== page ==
Vast, spotless and awesome (Extreme adjectives, Part 2)

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by Kate Woodford

Earlier this month, we published a post on extreme adjectives used to describe the weather and emotions. (Extreme adjectives are adjectives that we use when we want to really emphasize a particular quality.)  This week, we’re focusing on adjectives that emphasize a high degree of other qualities, for example, size and age.

Let’s start with size. Lots of adjectives mean ‘extremely large in size or amount’. Among the most common are enormous, massive, huge, gigantic, vast and giant: an enormous crocodile / a massive house / a huge sum of money / a gigantic wave / a vast expanse / a giant statue

Conversely, something that is extremely small in size or amount might be described as tiny or minute. (The adjective ‘minute’ is pronounced UK maɪˈnjuːt, US maɪˈnuːt): the baby’s tiny feet / minute quantities of the substance

There are plenty of adjectives meaning ‘extremely good’. Among the most common are amazing, awesome, brilliant, fantastic, great, marvellous and wonderful: That’s fantastic news! / a wonderful film. Note that these are all rather informal and not generally used in formal writing where adjectives with this meaning, such as excellent, exceptional, outstanding and superb, are more common.

Of course, there are lots of adjectives meaning ‘extremely bad’ too, for example appalling, atrocious, awful, dreadful, horrendous and terrible: appalling weather / atrocious driving conditions / a terrible film

Staying with opposites, a place or thing that is extremely clean may be described as spotless or immaculate while somewhere or something that is extremely dirty is filthy or squalid: His kitchen is absolutely spotless. / an immaculate white suit / Wash your hands – they’re filthy! / Conditions in the prison were squalid.

‘Extremely silly’ has some useful synonyms, for example absurd, ludicrous and ridiculous: It’s a ridiculous thing to say. / an absurd idea / a ludicrous suggestion

Something that is extremely interesting is often described as fascinating: a fascinating documentary.

If something is very old, you might describe it informally as ancient: She insists on using this ancient laptop.

A film, person, situation, etc. that is very funny is hilarious: Annie doesn’t think he’s at all funny but I find him hilarious.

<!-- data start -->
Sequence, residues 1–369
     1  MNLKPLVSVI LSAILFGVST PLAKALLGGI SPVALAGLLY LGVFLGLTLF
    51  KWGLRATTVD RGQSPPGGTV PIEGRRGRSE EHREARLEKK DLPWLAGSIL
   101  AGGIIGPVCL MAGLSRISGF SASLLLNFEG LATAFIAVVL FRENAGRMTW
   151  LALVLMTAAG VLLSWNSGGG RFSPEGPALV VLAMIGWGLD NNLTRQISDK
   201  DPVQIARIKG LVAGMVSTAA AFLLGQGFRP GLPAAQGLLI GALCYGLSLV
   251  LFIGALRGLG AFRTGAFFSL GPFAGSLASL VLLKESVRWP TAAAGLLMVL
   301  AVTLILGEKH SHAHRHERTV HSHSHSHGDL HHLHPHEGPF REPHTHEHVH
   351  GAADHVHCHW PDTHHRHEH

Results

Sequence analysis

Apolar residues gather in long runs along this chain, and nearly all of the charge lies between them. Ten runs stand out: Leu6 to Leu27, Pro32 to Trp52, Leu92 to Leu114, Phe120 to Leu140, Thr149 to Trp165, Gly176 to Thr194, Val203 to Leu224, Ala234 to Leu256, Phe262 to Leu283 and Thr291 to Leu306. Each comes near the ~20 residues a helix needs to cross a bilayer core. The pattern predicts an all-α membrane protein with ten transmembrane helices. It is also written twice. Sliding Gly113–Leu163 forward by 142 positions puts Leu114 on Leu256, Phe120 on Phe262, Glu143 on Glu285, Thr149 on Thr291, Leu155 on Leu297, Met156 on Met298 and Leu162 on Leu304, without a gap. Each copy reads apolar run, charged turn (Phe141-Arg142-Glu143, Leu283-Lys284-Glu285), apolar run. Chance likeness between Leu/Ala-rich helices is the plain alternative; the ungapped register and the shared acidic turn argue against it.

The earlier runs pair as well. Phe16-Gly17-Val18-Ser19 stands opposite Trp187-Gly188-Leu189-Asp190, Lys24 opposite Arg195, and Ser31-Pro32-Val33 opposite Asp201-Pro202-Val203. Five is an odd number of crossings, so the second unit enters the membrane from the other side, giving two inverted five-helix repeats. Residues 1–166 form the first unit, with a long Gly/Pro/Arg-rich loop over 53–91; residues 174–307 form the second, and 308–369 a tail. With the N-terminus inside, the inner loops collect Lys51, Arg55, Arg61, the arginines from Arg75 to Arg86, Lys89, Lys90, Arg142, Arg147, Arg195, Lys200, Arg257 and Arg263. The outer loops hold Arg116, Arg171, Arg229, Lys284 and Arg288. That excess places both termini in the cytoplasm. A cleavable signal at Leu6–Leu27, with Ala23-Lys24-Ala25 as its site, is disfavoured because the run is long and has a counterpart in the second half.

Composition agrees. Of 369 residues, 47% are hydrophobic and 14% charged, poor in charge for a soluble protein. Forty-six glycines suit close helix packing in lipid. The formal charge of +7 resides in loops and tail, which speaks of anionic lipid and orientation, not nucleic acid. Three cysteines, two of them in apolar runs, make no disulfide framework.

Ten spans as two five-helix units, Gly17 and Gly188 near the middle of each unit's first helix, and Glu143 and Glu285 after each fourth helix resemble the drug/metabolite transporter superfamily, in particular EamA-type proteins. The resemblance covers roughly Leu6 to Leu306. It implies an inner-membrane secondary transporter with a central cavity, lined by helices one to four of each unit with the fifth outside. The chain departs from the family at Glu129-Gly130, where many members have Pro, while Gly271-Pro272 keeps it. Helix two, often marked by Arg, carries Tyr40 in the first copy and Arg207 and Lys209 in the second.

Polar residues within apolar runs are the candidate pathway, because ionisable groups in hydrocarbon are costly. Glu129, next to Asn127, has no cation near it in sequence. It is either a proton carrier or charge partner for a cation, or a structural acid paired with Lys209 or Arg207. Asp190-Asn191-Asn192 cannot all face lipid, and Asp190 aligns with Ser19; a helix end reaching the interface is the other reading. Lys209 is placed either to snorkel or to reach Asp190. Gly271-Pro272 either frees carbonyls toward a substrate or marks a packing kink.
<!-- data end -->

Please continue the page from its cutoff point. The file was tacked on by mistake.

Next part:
A building, piece of clothing, etc. that is extremely ugly may be described as hideous: those hideous new apartment blocks by the river

If you are extremely tired, you are exhausted: The journey had left them exhausted.

Someone who is extremely hungry might say they are ravenous or (informal) starving: Is there any dinner? I’m starving!

Finally, something that is extremely noisy is sometimes described as deafening: The music was deafening.


24 thoughts on “Vast, spotless and awesome (Extreme adjectives, Part 2)

  1. Maryem Salama

    I have been ravenous for ages to your great blogs, If not in your invaluable post, where I can learn many in a minute? Thank you my dear Kate. I hope my use of this word in this context is correct, for I am not sure.

  2. Beni Amin

    Hi Kate,

    This is really a awesome blog for those who want to enrich their English word bank.So much new words in a single post!I am requesting you to make one post about human virtues( like love, compassion,hatred etc).

    1. Kate Woodford

      Hi Beni! Thank you so much. Yes, I’ll have a think about that topic and see if I can come up with something. Thank you – I love suggestions!

  3. Thanks a million for your sharing, extremely grateful. May I have the link for (Extreme adjectives, part 1) ? I think I have missed it 😀

    1. Kate Woodford

      Yes, Leah, absolutely! I didn’t include it because it’s quite formal and not so frequent (and I have to draw the line somewhere), but it’s a great word!

  4. Elena

    Hello Kate, Thanks a lot for this useful article!
    In English textbooks one can find information about adverbs to be used with extreme adjectives. But sometimes the rules are confusing. For instance, I’ve read that we don’t normally use “extremely” with extreme adjectives, but in another book there was a phrase “extremely delicious”. Could you comment on this, please? Your explanation about the adverbs to go with extreme adjectives would be very much appreciated!

    1. Kate Woodford

      Hi Elena! You raise an interesting point. It’s true that we don’t usually qualify non-gradable or extreme adjectives with adverbs such as ‘very’, ‘extremely’ etc. It’s safe to stick to this rule, if you want your English to be absolutely correct. You do, however, hear this rule being broken, (especially in speech), with phrases such as ‘very delicious’. Also note that the adverbs ‘pretty’ and ‘really’ are also used both with extreme and non-extreme adjectives. I hope that helps!

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